The Vaisesika versus Greek Atomism (445 Words)!
The Vaisesikas agree with the Greek atomism of Leucippus and Democriatus that the atom is indivisible, partless, imperceptible, ultimate and eternal and it is the material cause of this physical universe.
But then, the two views differ in the following respects:
1. Differences among atoms:
According to the Greek atomism, the atoms are similar in quality, but they differ in respect of quantity or number. The Vaisesikas attribute a difference of both quantity and quality to the atoms.
2. Secondary qualities in atoms:
Greek atomists do not attribute any secondary qualities to atoms but the Vaisesikas accept these qualities in the atoms.
3. Nature of the atoms:
The Greek atomists believe that atoms are by their nature dynamic but the Vaisesikas accept them as static by nature.
4. Relation of souls and atoms:
According to the Greek view, souls are composed of these atoms but according to the Vaisesikas, souls and atoms are different and both are individually but equally eternal and independent.
Criticism of atomism:
Samkara has advanced the following arguments against Vaisesika atomism:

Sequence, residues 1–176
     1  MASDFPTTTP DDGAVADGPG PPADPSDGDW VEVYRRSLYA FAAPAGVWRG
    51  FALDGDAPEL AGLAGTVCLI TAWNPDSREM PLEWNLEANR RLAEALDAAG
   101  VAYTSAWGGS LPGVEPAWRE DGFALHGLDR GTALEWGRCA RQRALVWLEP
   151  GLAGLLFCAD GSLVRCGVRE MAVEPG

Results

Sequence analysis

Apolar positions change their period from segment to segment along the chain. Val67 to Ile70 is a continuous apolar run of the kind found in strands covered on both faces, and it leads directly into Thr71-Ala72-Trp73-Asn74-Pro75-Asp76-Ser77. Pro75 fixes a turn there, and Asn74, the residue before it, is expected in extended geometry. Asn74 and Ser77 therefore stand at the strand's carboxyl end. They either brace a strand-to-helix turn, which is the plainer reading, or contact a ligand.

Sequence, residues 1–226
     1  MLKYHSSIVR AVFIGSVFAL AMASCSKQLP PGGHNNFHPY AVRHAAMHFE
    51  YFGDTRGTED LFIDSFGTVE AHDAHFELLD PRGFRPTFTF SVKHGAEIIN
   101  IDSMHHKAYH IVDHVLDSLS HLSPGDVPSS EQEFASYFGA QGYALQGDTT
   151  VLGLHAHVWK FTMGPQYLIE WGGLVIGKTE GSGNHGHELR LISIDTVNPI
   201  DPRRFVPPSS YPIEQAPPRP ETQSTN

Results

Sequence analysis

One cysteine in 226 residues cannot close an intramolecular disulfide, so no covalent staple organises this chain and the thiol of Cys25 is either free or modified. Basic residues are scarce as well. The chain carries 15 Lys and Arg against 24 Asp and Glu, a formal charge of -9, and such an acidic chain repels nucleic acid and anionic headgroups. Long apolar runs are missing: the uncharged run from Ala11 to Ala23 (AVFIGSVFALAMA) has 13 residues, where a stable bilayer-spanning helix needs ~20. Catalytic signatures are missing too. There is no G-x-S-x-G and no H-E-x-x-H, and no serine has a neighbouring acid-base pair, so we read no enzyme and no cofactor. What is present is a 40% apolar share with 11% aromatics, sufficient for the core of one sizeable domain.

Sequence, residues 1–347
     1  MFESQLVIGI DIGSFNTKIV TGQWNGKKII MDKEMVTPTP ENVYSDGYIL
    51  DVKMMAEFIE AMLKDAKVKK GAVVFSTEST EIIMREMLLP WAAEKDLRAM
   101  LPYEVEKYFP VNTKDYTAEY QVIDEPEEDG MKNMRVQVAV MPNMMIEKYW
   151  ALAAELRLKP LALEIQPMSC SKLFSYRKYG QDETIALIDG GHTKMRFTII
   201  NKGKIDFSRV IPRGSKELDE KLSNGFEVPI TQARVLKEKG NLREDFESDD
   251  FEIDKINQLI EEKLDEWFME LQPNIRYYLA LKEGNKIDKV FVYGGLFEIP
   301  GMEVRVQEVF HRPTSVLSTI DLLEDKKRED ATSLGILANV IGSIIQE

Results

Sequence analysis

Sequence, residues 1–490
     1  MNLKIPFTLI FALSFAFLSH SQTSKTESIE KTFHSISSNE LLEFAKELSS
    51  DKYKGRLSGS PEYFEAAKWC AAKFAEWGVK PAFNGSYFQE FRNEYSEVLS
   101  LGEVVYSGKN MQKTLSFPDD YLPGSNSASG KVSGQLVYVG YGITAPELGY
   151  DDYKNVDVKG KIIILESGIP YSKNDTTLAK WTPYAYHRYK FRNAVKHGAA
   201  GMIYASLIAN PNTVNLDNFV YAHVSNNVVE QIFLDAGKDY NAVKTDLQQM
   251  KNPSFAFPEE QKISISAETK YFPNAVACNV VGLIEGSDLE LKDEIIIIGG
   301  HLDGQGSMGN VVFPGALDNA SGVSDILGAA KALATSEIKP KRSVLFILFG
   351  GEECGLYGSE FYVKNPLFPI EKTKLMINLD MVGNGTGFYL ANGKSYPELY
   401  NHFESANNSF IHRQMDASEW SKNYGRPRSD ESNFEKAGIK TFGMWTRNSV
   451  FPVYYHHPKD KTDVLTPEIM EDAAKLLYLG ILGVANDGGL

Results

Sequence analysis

(1) If there is qualitative difference in the atoms, there should be some difference in their weights.
(2) If the atoms have qualities, they cannot be eternal. If the qualities of atoms are also eternal then it cannot be accepted that there are no qualities in free souls and substances, etc.
(3) If the qualities of the cause were transferred to the effect, then the spherical nature of the atom should have been transferred to the dyad, and the minutesness and destructibility of the dyad transferred to the triad.
(4) If the effect is not in the cause, then anything should be caused by anything else and particular effects need not have particular causes.
(5) Atoms are either active or inactive or both, or neither. If they are inactive, creation will be impossible. They cannot be both active as well as inactive since these qualities are mutually contradictory and cannot stay together, as light cannot stay with darkness. If atoms are neither active nor inactive, then motion or activity will have to be introduced by some external cause.
(6) Now, is this external cause past tendency (adrsta) or present tendency (drsta)? If it is the present tendency, then it could not have existed before creation. If it is the past tendency then it will always accompany the atoms and thus the creation will become permanent. If the atoms are not postulated to be in close proximity with the past tendency, creation becomes impossible. This means, it is impossible to have creation with atoms existing in any other manner.